Pacific Media Watch Newsdesk
The Paris-based Reporters Without Borders global media freedom watchdog has denounced the arrest of Jimmy Lai, the founder of Hong Kong’s pro-democracy newspaper Apple Daily.
Lai, 71, was arrested at his home residence on the morning of August 10, 2020, accused of “colluding with foreign forces”.
Lai’s two sons and at least seven other members of his team were also arrested.
According to the new National Security Law imposed on June 30 by the Chinese regime, Lai risks life imprisonment if put on trial in Hong Kong, and may even face the death penalty if the trial takes place in the People’s Republic of China (PRC), which the law does not exclude.
Simultaneously, 200 police officers raided Apple Daily’s headquarters, blocking its journalists from entering the newsroom and obstructing several other major news outlets from covering the incident including Associated Press (AP), Agence France-Presse (AFP), Reuters, Hong Kong public broadcaster RTHK, and local media Initium, In-media and Stand News.
“By charging Apple Daily’s founder with ‘colluding with foreign forces’, the Hong Kong government clearly seeks to take down a symbolic figure of press freedom”, said Christophe Deloire, Reporters Without Borders (RSF) Secretary General, who urges that “all charges to be dropped and all defendants immediately released”.
Coverage of pro-democracy protests
Next Digital (formerly Next Media), the parent company of Apple Daily, is one of the few remaining Hong Kong media groups openly critical of the Chinese regime and provided extensive coverage of last year’s pro-democracy protests.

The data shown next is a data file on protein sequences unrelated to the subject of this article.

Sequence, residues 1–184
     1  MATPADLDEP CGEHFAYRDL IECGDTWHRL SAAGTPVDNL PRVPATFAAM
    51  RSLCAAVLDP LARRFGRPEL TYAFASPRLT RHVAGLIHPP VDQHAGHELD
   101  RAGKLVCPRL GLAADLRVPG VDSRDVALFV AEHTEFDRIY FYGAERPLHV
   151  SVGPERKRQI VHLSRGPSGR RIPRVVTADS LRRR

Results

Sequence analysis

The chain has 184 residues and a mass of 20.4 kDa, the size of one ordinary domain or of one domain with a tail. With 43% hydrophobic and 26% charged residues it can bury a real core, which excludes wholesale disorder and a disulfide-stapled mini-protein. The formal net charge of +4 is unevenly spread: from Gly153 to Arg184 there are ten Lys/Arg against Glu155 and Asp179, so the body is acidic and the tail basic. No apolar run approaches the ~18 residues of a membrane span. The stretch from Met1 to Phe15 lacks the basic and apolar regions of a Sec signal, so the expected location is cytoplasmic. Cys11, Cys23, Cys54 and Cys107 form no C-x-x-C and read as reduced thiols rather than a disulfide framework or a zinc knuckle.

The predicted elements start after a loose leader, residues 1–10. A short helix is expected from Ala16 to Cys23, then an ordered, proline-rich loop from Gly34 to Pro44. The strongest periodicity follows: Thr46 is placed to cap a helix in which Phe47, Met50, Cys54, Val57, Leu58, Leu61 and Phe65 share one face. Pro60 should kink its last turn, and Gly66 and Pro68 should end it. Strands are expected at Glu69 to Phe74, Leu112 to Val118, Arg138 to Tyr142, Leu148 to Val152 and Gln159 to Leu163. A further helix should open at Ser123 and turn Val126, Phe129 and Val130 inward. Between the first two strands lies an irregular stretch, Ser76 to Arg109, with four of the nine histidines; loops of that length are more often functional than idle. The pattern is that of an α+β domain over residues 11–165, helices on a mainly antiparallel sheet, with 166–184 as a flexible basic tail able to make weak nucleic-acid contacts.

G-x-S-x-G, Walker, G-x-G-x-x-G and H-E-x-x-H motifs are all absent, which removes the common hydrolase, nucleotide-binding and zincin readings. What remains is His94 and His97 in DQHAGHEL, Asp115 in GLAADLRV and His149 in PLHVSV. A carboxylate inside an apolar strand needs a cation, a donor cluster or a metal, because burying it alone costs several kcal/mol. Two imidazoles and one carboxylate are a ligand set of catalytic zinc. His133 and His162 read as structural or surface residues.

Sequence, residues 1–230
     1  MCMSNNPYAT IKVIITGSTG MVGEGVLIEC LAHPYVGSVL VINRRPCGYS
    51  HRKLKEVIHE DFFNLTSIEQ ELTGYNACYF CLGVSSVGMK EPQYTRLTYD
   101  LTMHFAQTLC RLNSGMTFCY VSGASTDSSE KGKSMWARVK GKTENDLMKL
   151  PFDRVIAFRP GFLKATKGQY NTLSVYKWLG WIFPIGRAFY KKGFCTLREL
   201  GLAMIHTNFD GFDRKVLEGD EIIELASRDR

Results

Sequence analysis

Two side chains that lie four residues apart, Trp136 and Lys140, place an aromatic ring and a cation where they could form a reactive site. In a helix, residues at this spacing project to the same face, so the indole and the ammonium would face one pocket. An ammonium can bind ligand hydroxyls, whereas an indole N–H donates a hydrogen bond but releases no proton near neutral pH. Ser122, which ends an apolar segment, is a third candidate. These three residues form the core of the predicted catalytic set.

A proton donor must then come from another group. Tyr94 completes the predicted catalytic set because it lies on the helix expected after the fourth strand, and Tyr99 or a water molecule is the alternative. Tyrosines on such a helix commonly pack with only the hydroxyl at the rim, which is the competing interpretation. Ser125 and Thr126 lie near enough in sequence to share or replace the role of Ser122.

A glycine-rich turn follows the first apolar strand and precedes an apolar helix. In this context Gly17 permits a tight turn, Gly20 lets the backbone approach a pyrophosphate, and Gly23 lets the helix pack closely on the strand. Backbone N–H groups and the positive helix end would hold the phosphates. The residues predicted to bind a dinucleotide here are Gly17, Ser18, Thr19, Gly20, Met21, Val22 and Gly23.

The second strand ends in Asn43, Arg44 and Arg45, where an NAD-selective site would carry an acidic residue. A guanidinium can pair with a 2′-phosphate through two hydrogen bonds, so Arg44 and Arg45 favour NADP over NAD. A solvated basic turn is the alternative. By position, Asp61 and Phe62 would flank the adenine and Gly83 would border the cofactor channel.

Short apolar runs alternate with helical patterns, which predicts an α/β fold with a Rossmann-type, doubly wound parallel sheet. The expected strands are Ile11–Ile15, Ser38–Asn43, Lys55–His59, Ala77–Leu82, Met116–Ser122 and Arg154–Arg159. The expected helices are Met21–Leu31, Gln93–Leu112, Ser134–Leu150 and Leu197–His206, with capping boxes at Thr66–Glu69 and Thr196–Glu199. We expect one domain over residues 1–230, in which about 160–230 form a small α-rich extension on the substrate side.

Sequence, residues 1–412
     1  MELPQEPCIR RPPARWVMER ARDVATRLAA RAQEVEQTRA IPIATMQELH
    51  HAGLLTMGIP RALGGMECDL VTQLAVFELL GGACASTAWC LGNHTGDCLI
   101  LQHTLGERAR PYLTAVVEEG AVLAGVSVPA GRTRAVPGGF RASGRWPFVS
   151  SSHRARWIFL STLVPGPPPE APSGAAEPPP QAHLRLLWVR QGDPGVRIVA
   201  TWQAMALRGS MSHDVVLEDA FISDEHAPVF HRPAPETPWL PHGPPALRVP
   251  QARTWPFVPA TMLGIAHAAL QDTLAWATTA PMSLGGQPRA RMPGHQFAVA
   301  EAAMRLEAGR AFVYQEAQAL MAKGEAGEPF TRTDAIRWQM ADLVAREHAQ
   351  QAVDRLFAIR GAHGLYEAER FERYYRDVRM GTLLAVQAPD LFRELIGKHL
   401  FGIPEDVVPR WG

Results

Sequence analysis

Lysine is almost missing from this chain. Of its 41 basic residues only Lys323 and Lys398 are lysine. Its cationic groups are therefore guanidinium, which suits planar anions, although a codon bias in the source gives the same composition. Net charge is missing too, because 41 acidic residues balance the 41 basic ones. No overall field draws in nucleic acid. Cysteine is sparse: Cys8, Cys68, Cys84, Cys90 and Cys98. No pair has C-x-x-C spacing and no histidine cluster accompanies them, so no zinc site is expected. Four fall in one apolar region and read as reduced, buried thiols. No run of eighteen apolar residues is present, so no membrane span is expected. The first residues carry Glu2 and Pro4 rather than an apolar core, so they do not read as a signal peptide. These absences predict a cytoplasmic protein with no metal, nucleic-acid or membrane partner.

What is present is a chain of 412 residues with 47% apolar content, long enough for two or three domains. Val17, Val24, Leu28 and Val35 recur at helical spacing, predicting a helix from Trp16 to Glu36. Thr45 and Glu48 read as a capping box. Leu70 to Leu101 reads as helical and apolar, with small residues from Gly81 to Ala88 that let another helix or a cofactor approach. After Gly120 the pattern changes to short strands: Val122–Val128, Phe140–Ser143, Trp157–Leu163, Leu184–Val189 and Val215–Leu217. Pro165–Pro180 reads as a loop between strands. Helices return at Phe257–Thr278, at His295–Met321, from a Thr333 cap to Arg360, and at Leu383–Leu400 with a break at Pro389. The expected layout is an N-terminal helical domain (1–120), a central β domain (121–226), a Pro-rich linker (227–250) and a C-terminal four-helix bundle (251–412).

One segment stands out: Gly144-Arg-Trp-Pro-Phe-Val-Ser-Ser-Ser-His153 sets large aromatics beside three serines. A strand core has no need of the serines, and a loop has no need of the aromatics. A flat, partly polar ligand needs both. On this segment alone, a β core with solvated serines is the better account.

Lai has since been arrested on two occasions for criminal intimidation and organising and participating in unauthorised demonstrations.
In addition, two websites publicising the personal information of Apple Daily journalists with malicious intent that were previously blocked for doxing, made a brief reappearance online in early August.
The National Security Law allows the Chinese regime to directly intervene in the special administrative region of Hong Kong so as to suppress, with the appearance of legality, anything it deems to be “terrorism”, “secession”, “subversion” or “collusion with foreign forces”.
The vast majority of the 115 journalists currently detained in China are imprisoned under allegations of a similar nature.
Hong Kong, once a bastion of press freedom, has fallen from 18th place in 2002 to 80th place in the 2020 RSF World Press Freedom Index.
The People’s Republic of China, for its part, stagnates in 177th place out of 180 countries.
The Pacific Media Centre’s Pacific Media Watch media freedom project collaborates with Reporters Without Borders.